This summer marks the 20th anniversary of the fight to protect Warner Creek from a salvage-logging project that the Forest Service sought to institute after an arsonist lit up 9,000 acres in the Willamette National Forest. The forest was torched in 1991, and the arson was followed by several years of activism to keep the spotted owl habitat from being logged.
In 1995 after Congress passed the salvage rider, which exempted salvage operations from environmental laws, activists blockaded the road to Warner for 11 months. In the end, the area was saved from logging. A celebration of Warner Creek’s 20th anniversary and the founding of the Cascadia Forest Defenders (CFD) kicks off Aug. 14 at The Boreal and Old Nick’s Pub and then moves out into the forest over the weekend.
CFD founder Mick Garvin says that the Warner Creek campaign raised awareness and educated people about the logging, and as a result, “all kinds of people came out, not just Earth First!” He says when the campaign moved into direct action mode, creating CFD encompassed all of those who didn’t see themselves as EF! but embraced Cascadia and Warner Creek.
Tim Ingalsbee, who was from the beginning a leading voice in calling for the preservation of Warner, says the Forest Service “never understood the depth of the community’s moral objection” to the logging. Warner Creek is now a testament to the forest’s ability to regenerate. “In the 24 years since the fire, the area has thrived in benign neglect,” Ingalsbee says, and it stands in stark contrast to the invasive weeds that have moved into nearby clearcuts. “It belies the continuing lie that nature cannot recover from fire on its own,” Ingalsbee says of the burn. He says he would still like to see the area preserved as wilderness.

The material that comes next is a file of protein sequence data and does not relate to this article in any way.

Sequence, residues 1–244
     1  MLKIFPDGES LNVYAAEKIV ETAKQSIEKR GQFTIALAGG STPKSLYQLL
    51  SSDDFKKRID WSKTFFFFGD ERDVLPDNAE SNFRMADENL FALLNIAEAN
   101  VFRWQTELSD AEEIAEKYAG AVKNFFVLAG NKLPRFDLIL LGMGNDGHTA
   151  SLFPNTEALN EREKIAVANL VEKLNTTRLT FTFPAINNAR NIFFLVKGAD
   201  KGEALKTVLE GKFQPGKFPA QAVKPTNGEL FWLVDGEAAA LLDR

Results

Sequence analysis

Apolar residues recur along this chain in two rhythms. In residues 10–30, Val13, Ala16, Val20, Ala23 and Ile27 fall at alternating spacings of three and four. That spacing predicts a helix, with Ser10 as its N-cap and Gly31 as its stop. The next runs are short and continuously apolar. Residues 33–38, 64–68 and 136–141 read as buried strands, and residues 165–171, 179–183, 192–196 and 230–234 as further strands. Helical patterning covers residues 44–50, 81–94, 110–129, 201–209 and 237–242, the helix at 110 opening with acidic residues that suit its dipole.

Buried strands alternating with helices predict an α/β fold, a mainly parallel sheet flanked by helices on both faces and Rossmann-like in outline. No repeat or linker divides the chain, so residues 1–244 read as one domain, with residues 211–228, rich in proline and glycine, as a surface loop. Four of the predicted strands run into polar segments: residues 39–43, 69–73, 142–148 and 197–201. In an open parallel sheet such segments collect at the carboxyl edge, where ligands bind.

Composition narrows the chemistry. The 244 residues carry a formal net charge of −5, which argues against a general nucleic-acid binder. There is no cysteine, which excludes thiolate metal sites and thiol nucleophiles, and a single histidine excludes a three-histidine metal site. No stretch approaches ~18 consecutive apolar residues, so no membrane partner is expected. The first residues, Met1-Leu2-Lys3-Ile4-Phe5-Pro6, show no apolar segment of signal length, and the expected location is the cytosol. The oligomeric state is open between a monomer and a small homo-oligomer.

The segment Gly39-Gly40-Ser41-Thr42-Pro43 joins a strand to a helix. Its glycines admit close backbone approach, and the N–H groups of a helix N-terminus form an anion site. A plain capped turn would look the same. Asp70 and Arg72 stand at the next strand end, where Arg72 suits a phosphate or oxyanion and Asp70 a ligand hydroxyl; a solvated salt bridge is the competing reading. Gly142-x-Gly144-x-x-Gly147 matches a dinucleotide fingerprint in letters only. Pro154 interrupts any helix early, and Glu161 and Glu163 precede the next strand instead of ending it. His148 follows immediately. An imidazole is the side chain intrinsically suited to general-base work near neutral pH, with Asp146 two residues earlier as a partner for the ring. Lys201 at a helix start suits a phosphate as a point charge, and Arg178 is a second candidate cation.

Twenty years after the Warner Creek Blockade kicked off and the Cascadia Forest Defenders were founded, environmental activism is still going strong in the Pacific Northwest, with CFD members participating in the Shell No protests against Arctic drilling in Portland last week as well as in successful tree sits in recent years.
Erin Grady of CFD says 20 years after Warner, the group is still working on the long-term preservation of areas such as the Elliott State Forest, stopping clearcutting and forest ecosystem destruction, as well as tackling a planned liquefied natural gas pipeline, which would also involve forest clearcuts.
Grady says of the CFD founders, “They were really brave and willing to give their entire lives to campaign, and I think we have a lot to live up to.”
Events kick off with a movie night at the Boreal (450 W. 3rd Ave.) 6 pm Friday, Aug. 14, featuring Born in Fire and Pickaxe: Director’s Cut, two documentaries related to Warner. At 9 pm, the action moves to Old Nick’s (211 Washington Street) for musical performances by Peter Wilde and CFD’s Dirty Dandelions.
Saturday and Sunday Aug. 15 and 16, activities move to Warner Creek itself with hikes, a potluck, a retirement ceremony for longtime forest activist Francis Eatherington, discussions on the legacy of CFD and more. For directions and more information, go to the Facebook event page at wkly.ws/21w.
For more on CFD go to forestdefensenow.com.